ID please-various woodland mushrooms

Please try to include photos to show all parts of the fungus, eg top, stem, and gills.
Note any smells, and associated trees or plants (eg oak, birch). A spore print can be very useful.
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ID please-various woodland mushrooms

Post by huxleysdoors » Mon Nov 12, 2018 7:28 pm

Hello all,
I was out walking my dog in the woods yesterday and came across various mushrooms. Some help identifying them would be appreciated. I'm in south east UK and there's been rain most nights which seems to make it damp 24/7 under the maple alder pine and willow trees. I'm new here so not sure what info to give to make life easier for anyone looking/trying to ID ?

Thanks in advance for any help figuring out what these are.
rsz_dsc_0202.jpg (1).jpg (7).jpg (2).jpg (6).jpg (10).jpg (11).jpg (12).jpg (9).jpg

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Lancashire Lad
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Re: ID please-various woodland mushrooms

Post by Lancashire Lad » Tue Nov 13, 2018 8:54 am

Hi, and welcome to UK Fungi.

Looks like a rather old and dry example of one of the Lactarius (Milkcap) species.
Are they drops of whitish "milk" that can be seen on the gill shot? (Can't decide whether it's that or maybe tiny whitish stones).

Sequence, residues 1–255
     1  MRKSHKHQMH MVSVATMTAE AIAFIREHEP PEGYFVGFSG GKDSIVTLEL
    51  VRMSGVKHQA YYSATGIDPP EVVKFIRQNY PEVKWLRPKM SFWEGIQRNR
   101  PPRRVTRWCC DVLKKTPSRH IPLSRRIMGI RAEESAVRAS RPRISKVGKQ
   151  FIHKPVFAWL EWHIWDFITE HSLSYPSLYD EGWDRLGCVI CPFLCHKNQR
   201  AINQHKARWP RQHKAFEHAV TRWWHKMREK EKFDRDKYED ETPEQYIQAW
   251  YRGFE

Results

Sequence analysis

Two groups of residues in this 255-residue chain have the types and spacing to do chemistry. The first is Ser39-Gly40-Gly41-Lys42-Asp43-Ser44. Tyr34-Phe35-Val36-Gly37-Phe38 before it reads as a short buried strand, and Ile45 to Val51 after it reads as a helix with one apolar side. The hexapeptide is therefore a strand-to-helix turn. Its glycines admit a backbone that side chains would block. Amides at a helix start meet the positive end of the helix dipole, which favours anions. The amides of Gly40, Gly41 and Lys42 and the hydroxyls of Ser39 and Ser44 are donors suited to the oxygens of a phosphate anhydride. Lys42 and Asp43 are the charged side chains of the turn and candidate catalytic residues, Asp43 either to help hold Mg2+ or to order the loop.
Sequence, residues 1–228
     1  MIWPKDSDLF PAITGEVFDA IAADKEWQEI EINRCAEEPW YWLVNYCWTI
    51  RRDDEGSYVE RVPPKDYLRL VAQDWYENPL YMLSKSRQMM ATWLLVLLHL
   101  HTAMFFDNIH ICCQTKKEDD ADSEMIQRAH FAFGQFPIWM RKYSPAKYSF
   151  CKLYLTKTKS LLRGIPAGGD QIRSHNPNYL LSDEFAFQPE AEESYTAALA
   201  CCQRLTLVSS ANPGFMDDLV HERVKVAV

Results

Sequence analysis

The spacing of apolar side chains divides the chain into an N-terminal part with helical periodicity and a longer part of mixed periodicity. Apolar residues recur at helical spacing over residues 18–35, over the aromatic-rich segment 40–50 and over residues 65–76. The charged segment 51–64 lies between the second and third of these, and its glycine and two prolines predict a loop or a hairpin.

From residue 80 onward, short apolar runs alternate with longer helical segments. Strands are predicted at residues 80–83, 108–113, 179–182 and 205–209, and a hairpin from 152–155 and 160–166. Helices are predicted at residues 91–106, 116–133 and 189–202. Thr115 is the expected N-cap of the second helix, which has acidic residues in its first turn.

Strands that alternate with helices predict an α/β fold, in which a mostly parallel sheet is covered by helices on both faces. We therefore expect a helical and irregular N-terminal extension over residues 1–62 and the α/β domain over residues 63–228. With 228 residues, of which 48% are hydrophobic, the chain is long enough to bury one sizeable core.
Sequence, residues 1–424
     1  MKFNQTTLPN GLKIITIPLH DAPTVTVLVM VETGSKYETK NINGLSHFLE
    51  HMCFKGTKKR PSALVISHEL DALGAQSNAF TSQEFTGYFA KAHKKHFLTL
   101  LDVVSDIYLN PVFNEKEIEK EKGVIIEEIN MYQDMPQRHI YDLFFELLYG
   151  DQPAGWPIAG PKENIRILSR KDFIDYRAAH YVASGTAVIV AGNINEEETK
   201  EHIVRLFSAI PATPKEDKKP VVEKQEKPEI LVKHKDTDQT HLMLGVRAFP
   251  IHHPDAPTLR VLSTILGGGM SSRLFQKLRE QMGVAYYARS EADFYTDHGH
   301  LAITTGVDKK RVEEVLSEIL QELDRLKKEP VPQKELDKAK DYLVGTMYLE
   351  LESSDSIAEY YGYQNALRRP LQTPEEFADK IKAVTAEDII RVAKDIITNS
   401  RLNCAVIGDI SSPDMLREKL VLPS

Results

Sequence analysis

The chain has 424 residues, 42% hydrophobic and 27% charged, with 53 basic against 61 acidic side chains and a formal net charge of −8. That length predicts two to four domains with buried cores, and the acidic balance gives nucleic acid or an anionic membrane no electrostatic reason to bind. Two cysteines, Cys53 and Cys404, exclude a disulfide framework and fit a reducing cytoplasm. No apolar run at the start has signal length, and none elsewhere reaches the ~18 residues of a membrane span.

Either way, I wouldn't like to hazard a guess as to which species it might be.

Has the right general looks for Entoloma sericeum - Silky Pinkgill
See: - ... riceum.php

Is a Mycena - which, (like many fungi), are notoriously difficult to identify just from photos.
However the tall thin stem does narrow things down a bit, so it could be something like Mycena vitilis - Snapping Bonnet.

huxleysdoors wrote:
Mon Nov 12, 2018 7:28 pm
. . . I'm new here so not sure what info to give to make life easier for anyone looking/trying to ID ?
You've actually provided more info/photos than a lot of people do, but for future reference, this post gives the type of information which would go a long way towards enabling best chance of confident ID's: -

Common sense is not so common.

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Re: ID please-various woodland mushrooms

Post by adampembs » Tue Nov 13, 2018 9:16 am

First one is definitely a Lactarius. To get further, you need to taste the milk and the flesh, note the milk colour and watch for colour change on drying. It might be orange and go darker or go a bit greenish.

I would like to suggest not picking so many specimens but leave them behind for others to see, and for the benefit of wildlife. They are a food source and it allows them to spread their spores. Best if you only take one or two.

Adam Pollard
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